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In a decision that has been criticized on both the right and left, the FDA announced a ban last week (via executive decree) on the use of wooden boards for aging cheese. It has since relented after receiving pushback from cheese interests, including the American Cheese Society. While hardly unprecedented, this example of bureaucratic rule helps illustrate a few basic, fundamental problems with the administrative process.
First, the FDA did not use notice-and-comment rulemaking procedures to announce the ban. It merely fit the prohibition within an existing rule in the Code of Federal Regulations: a rule requiring that “all plant equipment and utensils shall be so designed and of such material and workmanship as to be adequately cleanable, and shall be properly maintained.” This relatively vague rule was interpreted by the Branch Chief of the FDA’s Center for Food Safety and Applied Nutrition’s Dairy and Egg Branch to prohibit the use of wood boards, which are porous and therefore more difficult to sanitize than metal substances.
Once the blowback began, the administrator suddenly changed position without much explanation. This illustrates that the ad hoc decisions of relatively unknown administrators, not the settled decisions of the agency, were at work. While there are procedures in place for the rulemaking process, much of agencies’ activities are now conducted through very informal memoranda, opinion letters, and the like.
Second, this policy threatened small, artisanal cheesemakers rather than large cheese manufacturers. Let’s just say Kraft isn’t as invested in upholding the process of aging cheese on wood boards as smaller, artisanal cheesemakers are. This illustrates a common effect of agency regulations: they hurt small businesses and favor their the large and powerful competitors. Many estimates of regulatory burden conclude that small businesses pay more in compliance costs than larger corporations. The Small Business Association, for example, has found that their compliance burdens are “36 percent higher than the regulatory cost facing large firms.” One cheesemaker determined that the replacement of his wood planks would cost him $20 million, which might be manageable for a large company like Kraft but makes it impossible to sustain a small cheesemaking business.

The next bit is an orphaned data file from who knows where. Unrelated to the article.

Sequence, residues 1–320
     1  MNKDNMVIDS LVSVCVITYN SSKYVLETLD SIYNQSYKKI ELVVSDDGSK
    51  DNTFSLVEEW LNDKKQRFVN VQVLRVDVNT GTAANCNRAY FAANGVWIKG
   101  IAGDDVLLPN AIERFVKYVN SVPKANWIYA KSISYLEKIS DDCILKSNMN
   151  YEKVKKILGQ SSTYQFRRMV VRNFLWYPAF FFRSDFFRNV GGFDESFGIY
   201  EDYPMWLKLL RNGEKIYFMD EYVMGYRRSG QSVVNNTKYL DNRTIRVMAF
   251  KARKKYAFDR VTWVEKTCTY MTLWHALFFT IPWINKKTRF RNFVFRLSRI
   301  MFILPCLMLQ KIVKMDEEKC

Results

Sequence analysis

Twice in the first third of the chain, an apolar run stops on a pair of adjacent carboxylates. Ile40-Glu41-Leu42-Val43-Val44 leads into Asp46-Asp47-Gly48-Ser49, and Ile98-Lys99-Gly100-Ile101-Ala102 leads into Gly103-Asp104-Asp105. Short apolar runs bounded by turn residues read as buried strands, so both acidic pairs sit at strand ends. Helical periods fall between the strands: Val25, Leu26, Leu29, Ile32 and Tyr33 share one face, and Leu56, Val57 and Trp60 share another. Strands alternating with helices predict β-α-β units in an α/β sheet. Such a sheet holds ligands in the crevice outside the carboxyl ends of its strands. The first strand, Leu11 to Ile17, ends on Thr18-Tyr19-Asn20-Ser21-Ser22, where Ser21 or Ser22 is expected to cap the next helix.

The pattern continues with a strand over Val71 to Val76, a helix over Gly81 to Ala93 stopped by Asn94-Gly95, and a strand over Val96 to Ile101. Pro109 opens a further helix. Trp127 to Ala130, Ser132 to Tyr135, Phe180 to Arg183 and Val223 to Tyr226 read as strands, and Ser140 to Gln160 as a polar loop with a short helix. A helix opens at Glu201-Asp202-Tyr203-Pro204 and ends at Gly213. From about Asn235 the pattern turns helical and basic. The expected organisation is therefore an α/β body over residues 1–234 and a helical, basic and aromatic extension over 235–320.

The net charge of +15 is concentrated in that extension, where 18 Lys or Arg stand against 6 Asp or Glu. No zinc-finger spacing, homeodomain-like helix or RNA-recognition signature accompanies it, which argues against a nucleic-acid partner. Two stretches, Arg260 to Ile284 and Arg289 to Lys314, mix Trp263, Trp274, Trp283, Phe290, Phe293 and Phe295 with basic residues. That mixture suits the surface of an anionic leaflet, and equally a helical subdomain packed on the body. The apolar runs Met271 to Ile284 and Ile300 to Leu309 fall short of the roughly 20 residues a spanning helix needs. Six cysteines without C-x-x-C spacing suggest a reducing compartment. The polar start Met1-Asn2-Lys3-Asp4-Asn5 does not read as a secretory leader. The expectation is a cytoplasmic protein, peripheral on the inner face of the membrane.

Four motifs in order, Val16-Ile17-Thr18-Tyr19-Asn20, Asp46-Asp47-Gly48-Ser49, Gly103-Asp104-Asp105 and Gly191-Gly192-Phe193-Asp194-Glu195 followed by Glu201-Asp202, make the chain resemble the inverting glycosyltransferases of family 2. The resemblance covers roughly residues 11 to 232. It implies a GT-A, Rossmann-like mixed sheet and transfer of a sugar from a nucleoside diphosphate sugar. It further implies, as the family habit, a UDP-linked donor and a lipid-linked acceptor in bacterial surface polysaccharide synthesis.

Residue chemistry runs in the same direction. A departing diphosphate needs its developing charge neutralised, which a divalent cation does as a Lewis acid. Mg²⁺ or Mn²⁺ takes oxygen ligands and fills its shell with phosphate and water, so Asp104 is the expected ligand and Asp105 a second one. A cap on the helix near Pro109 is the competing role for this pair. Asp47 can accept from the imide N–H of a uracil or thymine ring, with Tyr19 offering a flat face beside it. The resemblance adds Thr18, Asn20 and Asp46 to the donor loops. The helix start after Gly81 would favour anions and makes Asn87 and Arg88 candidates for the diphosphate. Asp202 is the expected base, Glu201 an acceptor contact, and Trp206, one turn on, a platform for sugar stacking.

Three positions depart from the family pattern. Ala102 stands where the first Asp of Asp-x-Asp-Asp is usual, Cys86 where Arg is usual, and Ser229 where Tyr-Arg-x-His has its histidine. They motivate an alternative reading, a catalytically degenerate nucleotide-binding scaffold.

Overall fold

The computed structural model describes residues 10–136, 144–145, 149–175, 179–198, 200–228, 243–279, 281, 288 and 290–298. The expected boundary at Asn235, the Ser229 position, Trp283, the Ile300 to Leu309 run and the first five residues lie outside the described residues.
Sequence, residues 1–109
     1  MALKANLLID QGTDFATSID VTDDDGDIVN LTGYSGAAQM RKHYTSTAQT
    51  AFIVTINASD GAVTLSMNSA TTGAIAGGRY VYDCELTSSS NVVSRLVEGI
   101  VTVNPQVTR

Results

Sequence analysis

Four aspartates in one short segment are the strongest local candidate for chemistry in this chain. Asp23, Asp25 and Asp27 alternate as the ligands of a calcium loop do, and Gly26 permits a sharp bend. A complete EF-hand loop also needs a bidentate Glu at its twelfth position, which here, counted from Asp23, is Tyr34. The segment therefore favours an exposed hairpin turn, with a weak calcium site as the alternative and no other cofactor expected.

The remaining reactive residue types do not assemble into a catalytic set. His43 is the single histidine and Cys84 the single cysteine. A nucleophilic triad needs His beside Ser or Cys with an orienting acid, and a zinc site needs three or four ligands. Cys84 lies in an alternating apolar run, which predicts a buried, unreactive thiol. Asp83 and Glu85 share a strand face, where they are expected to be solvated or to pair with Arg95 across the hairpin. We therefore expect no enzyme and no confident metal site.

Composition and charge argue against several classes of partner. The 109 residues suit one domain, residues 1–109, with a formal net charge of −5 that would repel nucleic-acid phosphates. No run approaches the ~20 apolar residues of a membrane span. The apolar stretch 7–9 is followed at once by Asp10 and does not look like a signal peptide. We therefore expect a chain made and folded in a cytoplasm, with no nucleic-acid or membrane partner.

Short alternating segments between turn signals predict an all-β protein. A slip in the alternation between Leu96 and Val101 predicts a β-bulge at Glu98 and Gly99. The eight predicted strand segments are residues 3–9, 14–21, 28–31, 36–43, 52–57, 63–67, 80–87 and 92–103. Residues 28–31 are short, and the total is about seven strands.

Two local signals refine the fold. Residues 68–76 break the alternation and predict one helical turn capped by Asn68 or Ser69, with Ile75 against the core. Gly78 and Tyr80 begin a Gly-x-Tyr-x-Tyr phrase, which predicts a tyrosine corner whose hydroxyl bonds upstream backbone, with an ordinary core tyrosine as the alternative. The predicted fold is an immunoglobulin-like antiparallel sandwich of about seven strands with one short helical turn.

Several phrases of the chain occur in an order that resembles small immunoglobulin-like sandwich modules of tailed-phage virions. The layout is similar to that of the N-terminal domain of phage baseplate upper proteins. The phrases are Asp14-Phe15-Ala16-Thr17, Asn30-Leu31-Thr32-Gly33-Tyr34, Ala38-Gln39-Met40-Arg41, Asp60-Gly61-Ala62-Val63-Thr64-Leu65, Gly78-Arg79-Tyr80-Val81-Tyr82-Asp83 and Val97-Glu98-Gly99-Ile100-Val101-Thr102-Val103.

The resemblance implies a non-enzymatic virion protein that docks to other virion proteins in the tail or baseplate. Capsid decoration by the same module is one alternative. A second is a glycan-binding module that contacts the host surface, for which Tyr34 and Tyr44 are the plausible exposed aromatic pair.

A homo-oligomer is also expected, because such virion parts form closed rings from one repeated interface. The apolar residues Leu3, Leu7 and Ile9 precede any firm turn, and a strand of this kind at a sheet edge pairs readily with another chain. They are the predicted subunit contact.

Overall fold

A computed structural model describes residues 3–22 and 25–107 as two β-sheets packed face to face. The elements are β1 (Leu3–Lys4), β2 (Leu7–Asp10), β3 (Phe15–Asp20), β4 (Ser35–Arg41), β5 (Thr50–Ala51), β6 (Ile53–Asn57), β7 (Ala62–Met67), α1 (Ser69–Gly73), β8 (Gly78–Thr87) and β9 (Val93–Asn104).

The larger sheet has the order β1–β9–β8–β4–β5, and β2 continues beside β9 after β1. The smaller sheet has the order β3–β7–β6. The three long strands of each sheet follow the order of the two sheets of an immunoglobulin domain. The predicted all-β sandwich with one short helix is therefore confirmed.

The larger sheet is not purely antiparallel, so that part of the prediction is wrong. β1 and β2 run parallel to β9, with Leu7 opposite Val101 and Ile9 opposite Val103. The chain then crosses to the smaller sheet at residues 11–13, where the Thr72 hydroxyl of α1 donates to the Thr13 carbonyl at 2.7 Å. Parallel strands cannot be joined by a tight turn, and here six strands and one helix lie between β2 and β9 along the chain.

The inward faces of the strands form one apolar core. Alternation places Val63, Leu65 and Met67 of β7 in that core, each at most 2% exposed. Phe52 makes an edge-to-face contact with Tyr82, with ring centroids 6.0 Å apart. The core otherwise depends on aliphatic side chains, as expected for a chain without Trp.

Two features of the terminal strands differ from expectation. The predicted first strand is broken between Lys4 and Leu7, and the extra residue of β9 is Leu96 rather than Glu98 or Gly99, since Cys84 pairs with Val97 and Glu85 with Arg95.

Third and finally, organized interests mobilized to lobby the agency for a reversal of policy. This shows a very important and often-overlooked fact about how the administrative state functions. It is highly responsive, but primarily to special interests who are mobilized and whose stake is significant. The public interest, which is diffused over the entire citizenry, cannot be brought to bear on the agencies because it is not concentrated in the same way.
Lawmakers in Congress quickly pounced on yet another opportunity to take credit for saving their constituents from the big bad wolf (that they created and fed). Peter Welch, who represents many of these cheesemakers as Vermont’s representative in the House, is planning to attach an appropriations rider to the Agriculture Appropriations bill prohibiting FDA from pursuing this policy. Senator Charles Schumer from New York slammed the FDA for “bureaucratic overreach” and threatened to press legislation correcting the agency if it did not back down. After the outcry from the cheese interests and from interested legislators, FDA quickly backtracked and declared that it would “engage with the artisanal cheesemaking community” before taking next steps.
The FDA, like any agency, relies upon Congress for authority and for funding. When the agency steps on constituents’ toes, if they are sufficiently organized they will receive the support of their representatives, who will advocate for the little guy against the big bad government. Constituents are so thankful to be relieved from the agency’s rule that they rarely consider how the whole process is set up to harm them in the first place.
FDA’s brief flirtation with shutting down wood aging in the cheese industry featured arbitrary changes in the law’s meaning, hurt small cheese producers, and illustrated how agencies respond to concentrated and special interests. Maybe common sense ultimately prevailed, but only after the agency induced panic. Meanwhile, Congress continues to take credit for fixing a problem that it, ultimately, perpetuates.